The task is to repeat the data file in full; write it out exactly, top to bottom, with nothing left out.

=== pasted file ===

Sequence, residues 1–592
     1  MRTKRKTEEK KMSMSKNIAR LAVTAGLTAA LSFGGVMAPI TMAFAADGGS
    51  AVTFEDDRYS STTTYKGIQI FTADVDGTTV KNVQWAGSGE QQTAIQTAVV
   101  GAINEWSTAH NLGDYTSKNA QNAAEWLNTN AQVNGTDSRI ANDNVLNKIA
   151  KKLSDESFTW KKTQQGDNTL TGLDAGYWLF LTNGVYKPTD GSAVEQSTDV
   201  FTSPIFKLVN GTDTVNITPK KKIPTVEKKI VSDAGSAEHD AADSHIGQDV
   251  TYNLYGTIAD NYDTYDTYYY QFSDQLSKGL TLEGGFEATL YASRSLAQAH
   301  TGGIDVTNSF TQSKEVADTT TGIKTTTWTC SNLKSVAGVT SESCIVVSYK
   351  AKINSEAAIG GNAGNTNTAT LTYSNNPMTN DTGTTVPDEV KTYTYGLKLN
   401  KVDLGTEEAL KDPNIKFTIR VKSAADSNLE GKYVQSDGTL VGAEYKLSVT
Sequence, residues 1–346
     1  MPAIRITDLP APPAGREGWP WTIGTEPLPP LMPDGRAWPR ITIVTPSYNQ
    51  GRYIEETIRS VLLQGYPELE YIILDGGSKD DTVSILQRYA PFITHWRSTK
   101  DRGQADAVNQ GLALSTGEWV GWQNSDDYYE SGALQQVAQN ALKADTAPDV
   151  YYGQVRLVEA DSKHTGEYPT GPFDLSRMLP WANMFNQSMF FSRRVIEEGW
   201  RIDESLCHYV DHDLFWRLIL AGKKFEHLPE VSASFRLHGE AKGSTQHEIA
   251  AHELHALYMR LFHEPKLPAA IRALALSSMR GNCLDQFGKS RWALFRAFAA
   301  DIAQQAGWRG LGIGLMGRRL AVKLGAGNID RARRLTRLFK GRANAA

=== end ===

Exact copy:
Sequence, residues 1–592
     1  MRTKRKTEEK KMSMSKNIAR LAVTAGLTAA LSFGGVMAPI TMAFAADGGS
    51  AVTFEDDRYS STTTYKGIQI FTADVDGTTV KNVQWAGSGE QQTAIQTAVV
   101  GAINEWSTAH NLGDYTSKNA QNAAEWLNTN AQVNGTDSRI ANDNVLNKIA
   151  KKLSDESFTW KKTQQGDNTL TGLDAGYWLF LTNGVYKPTD GSAVEQSTDV
   201  FTSPIFKLVN GTDTVNITPK KKIPTVEKKI VSDAGSAEHD AADSHIGQDV
   251  TYNLYGTIAD NYDTYDTYYY QFSDQLSKGL TLEGGFEATL YASRSLAQAH
   301  TGGIDVTNSF TQSKEVADTT TGIKTTTWTC SNLKSVAGVT SESCIVVSYK
   351  AKINSEAAIG GNAGNTNTAT LTYSNNPMTN DTGTTVPDEV KTYTYGLKLN
   401  KVDLGTEEAL KDPNIKFTIR VKSAADSNLE GKYVQSDGTL VGAEYKLSVT
Sequence, residues 1–346
     1  MPAIRITDLP APPAGREGWP WTIGTEPLPP LMPDGRAWPR ITIVTPSYNQ
    51  GRYIEETIRS VLLQGYPELE YIILDGGSKD DTVSILQRYA PFITHWRSTK
   101  DRGQADAVNQ GLALSTGEWV GWQNSDDYYE SGALQQVAQN ALKADTAPDV
   151  YYGQVRLVEA DSKHTGEYPT GPFDLSRMLP WANMFNQSMF FSRRVIEEGW
   201  RIDESLCHYV DHDLFWRLIL AGKKFEHLPE VSASFRLHGE AKGSTQHEIA
   251  AHELHALYMR LFHEPKLPAA IRALALSSMR GNCLDQFGKS RWALFRAFAA
   301  DIAQQAGWRG LGIGLMGRRL AVKLGAGNID RARRLTRLFK GRANAA